One day I was taking a taxi in Guangzhou, China to get from the airport to a hotel. The taxi arrived at a toll station. There were six lanes in the station, three of which were occupied by robotic toll operators, and the other three were still manned by human toll operators. “How stupid,” laughed the taxi driver, “the government wasted a lot of money on these stupid robots.” Then, the driver headed towards a lane occupied by human operators. As I sat in the taxi, I estimated that about 80% of drivers still chose human operators, but 20% opted for robotic toll operators. By Dr Shaoshan Liu is CEO and Founder of PerceptIn, an intelligent robotics company.
Robotic toll operators rely on computer vision (CV) technology to automatically detect the license plate, voice recognition (VR) technology to pick up what the driver is saying, and natural language processing technology (NLP) to have a simple conversation with the driver, mainly to ask him to pay the toll. From my observations, these robots are not yet as efficient as their human counterparts.
After the taxi arrived at the hotel, I had lunch with a friend at the hotel restaurant. Surprisingly, no waiter was delivering food from the kitchen to our table – everything was done by robots. The robots are indeed very smart: they rely on Simultaneous Localization and Mapping (SLAM) technology to navigate efficiently through a moving crowd or narrow passage. I said to the restaurant owner, “The last time I came, I didn’t see those robots. What prompted you to adopt them? “. The owner replied, “It’s really hard to hire people at a reasonable cost these days, and it’s much more affordable to deploy robots.”
Today in China, the robotics industry has seen a huge leap forward, especially in the past five years. We have observed that robots are gradually becoming an integral part of people’s daily lives in China. Besides the two examples above, when you check into a hotel, there is a high chance that a delivery robot will deliver what you need to your room. When you order food and groceries, in some cities, robots deliver food from the restaurant or supermarket to your doorstep. In the evening, when you walk along the north bank of the Pearl River in Guangzhou, you are likely to come across a fabulous air show performed by a swarm of robotic drones. At home, robotic vacuum cleaners have become standard household appliances for many Chinese families, along with refrigerators and air conditioners.
Recognizing the serious problem of its aging population, the Chinese government has made huge investments in the robotics industry over the past decade. Last year, China went a step further by making the development of the robotics industry a national strategic priority in its 14th five-year plan. These efforts have definitely paid off, since China has become one of the leading countries in robot manufacturing and consumption.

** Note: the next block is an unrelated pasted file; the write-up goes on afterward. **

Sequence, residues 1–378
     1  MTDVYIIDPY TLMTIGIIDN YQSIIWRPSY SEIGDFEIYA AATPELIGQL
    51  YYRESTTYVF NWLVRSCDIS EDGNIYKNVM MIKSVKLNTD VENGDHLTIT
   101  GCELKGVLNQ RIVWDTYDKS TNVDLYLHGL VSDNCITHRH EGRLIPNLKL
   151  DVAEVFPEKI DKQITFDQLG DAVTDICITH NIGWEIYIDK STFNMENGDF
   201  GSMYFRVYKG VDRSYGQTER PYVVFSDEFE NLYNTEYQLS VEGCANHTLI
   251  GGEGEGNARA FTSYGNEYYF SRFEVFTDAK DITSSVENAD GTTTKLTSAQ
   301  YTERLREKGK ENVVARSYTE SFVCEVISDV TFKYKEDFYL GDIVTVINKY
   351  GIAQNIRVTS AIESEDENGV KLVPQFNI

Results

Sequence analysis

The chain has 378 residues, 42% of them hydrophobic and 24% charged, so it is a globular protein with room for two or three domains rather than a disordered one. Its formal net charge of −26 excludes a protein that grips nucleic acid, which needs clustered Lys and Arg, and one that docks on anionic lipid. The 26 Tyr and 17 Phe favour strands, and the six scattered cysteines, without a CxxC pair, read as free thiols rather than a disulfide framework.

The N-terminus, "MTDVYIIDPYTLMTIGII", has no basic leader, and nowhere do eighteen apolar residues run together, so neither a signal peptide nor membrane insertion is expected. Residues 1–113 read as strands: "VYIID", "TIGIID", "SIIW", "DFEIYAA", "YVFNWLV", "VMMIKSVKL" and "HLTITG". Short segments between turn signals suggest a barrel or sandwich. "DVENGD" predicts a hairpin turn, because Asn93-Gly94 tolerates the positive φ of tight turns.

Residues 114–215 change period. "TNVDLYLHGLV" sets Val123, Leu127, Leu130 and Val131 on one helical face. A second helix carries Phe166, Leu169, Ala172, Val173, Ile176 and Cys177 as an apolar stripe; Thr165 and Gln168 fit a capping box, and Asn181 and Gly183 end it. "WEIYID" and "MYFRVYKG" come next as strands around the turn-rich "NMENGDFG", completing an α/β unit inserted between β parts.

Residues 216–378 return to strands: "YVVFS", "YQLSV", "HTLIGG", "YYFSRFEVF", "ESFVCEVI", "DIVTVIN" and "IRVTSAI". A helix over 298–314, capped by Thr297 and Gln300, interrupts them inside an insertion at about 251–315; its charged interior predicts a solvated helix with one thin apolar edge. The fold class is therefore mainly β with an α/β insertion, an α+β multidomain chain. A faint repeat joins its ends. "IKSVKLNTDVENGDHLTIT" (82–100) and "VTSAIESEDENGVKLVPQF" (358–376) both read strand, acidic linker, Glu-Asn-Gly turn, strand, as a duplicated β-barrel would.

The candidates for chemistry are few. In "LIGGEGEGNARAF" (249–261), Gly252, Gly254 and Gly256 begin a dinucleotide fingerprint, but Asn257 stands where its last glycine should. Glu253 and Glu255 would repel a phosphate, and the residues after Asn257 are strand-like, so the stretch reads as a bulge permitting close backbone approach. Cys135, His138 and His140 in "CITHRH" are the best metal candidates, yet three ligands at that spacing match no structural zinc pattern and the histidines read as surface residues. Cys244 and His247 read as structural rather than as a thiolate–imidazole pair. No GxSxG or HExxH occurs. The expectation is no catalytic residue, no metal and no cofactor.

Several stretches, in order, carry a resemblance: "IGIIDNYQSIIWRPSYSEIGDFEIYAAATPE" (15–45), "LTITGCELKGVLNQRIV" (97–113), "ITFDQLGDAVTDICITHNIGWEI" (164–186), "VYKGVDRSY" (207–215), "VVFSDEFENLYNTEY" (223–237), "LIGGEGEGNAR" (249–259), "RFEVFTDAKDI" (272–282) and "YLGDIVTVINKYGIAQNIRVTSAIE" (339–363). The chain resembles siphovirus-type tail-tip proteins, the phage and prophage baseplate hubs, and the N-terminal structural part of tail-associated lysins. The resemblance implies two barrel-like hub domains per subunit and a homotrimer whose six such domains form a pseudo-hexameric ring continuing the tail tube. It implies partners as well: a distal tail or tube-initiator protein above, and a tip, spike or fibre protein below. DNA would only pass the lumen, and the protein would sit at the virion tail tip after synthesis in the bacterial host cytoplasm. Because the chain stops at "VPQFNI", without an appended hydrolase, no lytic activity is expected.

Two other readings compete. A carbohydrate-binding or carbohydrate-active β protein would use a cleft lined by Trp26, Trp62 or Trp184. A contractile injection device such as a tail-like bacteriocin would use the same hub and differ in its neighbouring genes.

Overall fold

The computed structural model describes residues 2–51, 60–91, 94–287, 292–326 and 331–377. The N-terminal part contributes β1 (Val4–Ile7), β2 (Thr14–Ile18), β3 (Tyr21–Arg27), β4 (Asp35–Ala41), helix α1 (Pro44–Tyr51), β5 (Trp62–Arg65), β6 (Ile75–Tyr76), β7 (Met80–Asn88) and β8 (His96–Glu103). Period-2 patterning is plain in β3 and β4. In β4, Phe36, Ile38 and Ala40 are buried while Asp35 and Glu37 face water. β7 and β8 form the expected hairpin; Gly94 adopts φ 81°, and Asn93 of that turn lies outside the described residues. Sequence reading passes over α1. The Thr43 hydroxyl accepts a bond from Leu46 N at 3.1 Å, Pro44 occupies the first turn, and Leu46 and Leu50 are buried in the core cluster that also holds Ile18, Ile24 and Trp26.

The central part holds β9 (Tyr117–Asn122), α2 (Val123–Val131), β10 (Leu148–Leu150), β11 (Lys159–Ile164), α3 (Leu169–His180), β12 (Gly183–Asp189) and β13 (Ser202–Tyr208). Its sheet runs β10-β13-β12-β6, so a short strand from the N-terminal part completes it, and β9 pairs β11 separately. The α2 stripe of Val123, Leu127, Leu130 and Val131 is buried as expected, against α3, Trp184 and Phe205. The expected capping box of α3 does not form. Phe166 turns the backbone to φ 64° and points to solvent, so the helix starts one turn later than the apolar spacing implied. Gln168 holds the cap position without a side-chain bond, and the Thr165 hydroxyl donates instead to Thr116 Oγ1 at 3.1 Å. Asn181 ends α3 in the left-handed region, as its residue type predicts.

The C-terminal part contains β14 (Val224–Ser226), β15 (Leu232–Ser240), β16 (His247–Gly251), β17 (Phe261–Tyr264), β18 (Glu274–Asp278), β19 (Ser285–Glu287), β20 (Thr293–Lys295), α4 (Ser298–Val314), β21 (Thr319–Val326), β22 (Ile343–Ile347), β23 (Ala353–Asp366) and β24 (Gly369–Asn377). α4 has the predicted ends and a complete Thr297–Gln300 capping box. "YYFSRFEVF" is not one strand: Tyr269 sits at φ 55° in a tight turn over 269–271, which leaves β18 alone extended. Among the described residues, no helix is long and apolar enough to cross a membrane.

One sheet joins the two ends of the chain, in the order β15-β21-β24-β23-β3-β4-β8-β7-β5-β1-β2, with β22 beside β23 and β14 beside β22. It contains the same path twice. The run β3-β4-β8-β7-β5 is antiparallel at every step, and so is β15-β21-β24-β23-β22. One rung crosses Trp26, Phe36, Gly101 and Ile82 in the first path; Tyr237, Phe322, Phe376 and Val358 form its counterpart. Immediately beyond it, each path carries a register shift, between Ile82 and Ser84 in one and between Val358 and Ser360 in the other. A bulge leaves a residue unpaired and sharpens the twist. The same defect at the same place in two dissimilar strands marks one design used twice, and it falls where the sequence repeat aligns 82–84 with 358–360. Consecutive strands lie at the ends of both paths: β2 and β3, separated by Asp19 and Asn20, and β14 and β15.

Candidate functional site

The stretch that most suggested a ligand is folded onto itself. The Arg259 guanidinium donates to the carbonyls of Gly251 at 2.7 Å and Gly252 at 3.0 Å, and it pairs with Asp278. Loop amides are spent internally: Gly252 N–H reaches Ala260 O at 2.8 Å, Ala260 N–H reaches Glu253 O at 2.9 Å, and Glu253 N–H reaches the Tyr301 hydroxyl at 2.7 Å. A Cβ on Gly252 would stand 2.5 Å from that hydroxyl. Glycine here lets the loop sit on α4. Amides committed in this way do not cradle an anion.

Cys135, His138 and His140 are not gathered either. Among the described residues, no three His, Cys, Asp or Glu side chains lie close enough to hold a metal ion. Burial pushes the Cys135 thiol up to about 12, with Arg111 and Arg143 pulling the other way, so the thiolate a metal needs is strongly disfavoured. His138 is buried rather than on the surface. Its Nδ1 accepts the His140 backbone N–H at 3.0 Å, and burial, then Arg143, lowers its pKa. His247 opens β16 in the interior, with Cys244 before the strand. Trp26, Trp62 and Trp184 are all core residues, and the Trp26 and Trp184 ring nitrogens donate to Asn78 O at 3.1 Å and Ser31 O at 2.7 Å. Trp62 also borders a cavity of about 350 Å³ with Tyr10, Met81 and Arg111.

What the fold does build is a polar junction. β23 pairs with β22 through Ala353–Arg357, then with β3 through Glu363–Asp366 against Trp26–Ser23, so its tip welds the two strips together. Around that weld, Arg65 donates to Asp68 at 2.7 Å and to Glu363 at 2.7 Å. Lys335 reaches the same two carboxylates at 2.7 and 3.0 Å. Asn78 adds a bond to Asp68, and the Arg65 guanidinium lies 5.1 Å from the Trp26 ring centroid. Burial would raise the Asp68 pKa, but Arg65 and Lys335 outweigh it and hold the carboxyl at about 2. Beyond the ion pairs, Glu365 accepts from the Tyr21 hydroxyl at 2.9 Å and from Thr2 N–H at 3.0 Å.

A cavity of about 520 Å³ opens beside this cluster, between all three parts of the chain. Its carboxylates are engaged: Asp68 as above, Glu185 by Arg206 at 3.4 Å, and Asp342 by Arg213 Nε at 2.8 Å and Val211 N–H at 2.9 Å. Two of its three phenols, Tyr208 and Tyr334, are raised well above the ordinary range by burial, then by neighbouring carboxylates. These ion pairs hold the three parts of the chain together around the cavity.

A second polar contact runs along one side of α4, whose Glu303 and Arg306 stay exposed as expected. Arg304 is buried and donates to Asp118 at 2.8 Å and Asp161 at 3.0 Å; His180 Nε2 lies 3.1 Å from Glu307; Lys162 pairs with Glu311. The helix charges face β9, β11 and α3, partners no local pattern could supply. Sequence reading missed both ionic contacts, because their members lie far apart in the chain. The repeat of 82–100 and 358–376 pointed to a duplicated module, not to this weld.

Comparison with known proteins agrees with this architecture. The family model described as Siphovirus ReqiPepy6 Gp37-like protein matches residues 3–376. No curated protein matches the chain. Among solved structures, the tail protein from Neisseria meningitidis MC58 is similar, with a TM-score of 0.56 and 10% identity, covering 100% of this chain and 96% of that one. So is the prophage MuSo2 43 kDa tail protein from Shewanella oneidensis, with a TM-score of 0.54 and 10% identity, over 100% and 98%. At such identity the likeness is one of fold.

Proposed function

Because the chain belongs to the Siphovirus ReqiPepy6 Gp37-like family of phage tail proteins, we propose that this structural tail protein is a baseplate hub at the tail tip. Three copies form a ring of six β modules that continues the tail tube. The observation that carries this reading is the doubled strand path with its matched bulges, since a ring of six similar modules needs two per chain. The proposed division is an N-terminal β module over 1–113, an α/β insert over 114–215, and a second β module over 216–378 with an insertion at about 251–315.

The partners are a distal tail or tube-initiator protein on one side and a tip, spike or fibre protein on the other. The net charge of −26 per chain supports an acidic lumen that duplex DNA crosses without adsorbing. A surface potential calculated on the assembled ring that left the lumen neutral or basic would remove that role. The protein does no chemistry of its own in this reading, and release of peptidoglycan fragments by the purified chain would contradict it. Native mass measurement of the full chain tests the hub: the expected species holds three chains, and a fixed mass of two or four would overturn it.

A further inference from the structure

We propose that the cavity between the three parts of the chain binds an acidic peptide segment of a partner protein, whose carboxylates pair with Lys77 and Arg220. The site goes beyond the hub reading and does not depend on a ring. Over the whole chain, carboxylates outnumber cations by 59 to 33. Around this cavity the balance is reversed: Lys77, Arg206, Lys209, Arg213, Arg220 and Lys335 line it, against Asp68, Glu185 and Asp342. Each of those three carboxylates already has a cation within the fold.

For robots that are not advanced enough to perform a specific task, the government will encourage these technologies through its procurement programs, not only to provide funds, but also to provide use cases and data to to improve robots, for example in the context of toll operations. For robots that prove to be more efficient than their human counterparts, the market economy will provide positive feedback for their continued improvement and expansion, such as in the hospitality industry.
The development of the government-subsidized robot industry and the integration of robots into the daily lives of Chinese people have given rise to a very complex supply chain system. By combining the elements of this complex supply chain system, a wide variety of robots can be designed and manufactured in a short time and at an affordable cost.
The crown jewel of the robotics industry in China today is the booming intelligent electric vehicle (IEV) industry. Automotive manufacturing has one of the longest and most complex supply chains of any industry. In China, many start-ups have emerged in recent years to focus on different smart electric vehicle industry verticals. These start-ups are able to rapidly boost the development and maturity of China’s electric vehicle supply chain. Once China’s EVI industry matures, many components in its supply chain will be able to be used in various robotic applications.
If this trend continues, China could become the world’s first robotic nation, a nation whose economic productivity is powered by robots rather than humans.
Article translated from Forbes US – Author: Shaoshan Liu
<<< Also read: Start-up to follow | Cala, the first robot that cooks pasta in the capital >>>